Obviously, it lands in Pluto’s heart.
Exactly one year ago on Thursday, NASA's New Horizons spacecraft made its historic flyby of Pluto and its moons. An object of fascination ever since Clyde Tombaugh discovered it in 1930, the Plutonian system was at last brought into sharp focus, and the results were electrifying. To the delight of its many ardent fans, the dwarf planet turned out to boast several unusual surface features, including a bright, heart-shaped region of plains. Stretching 1,000 miles across, it is now known as the Tombaugh Regio.
"New Horizons not only completed the era of first reconnaissance of the planets, the mission has intrigued and inspired," said Jim Green, NASA's director of planetary science, in a Thursday statement.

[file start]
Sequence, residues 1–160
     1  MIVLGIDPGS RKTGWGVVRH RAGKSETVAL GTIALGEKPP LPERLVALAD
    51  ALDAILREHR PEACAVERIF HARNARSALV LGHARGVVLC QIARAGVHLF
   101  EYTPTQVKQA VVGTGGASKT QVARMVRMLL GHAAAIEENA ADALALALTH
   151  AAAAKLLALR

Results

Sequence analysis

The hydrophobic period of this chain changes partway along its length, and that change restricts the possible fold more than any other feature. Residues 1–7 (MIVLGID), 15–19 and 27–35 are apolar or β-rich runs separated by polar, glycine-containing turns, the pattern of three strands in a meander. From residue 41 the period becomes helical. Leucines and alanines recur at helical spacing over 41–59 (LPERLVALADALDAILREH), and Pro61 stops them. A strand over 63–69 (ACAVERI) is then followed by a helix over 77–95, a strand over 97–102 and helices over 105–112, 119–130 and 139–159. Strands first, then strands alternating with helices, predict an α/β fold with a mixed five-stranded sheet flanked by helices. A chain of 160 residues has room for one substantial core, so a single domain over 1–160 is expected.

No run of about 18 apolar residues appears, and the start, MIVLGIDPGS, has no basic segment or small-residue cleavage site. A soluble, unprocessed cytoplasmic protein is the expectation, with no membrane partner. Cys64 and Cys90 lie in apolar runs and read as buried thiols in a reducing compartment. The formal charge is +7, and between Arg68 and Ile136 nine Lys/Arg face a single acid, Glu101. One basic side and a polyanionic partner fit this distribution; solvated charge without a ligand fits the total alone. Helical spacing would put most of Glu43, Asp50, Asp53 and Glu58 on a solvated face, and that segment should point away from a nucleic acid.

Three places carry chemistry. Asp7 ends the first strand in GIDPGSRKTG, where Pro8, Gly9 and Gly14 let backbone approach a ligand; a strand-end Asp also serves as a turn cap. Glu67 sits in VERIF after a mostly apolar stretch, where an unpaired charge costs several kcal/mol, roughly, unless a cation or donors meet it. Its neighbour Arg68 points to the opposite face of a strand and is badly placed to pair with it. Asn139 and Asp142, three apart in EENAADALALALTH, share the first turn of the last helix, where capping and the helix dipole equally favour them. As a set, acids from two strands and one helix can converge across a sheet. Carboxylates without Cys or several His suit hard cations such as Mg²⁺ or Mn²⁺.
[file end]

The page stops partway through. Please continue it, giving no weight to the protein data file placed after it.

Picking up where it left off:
"Who knew that Pluto would have a heart?" he added. "Even today, New Horizons captures our imagination, rekindles our curiosity, and reminds us of what's possible."
To celebrate the flyby's first birthday, NASA released a concept video that imagines what a lander might see if it approached the distant world, and descended to its surface. Compiled from over 100 New Horizon snapshots, the virtual trip zooms in on its target touchdown site at the edge of Tombaugh Regio.
While the resolution doesn't allow for a particularly detailed look at the Plutonian surface, the short simulation is a tantalizing glimpse of potential landing missions to the farflung system in the future. After all, New Horizons may have been the first spacecraft to pay Pluto and its moons a visit, but it would be a shame if it were the last. That heart is practically begging for an adorable robot companion.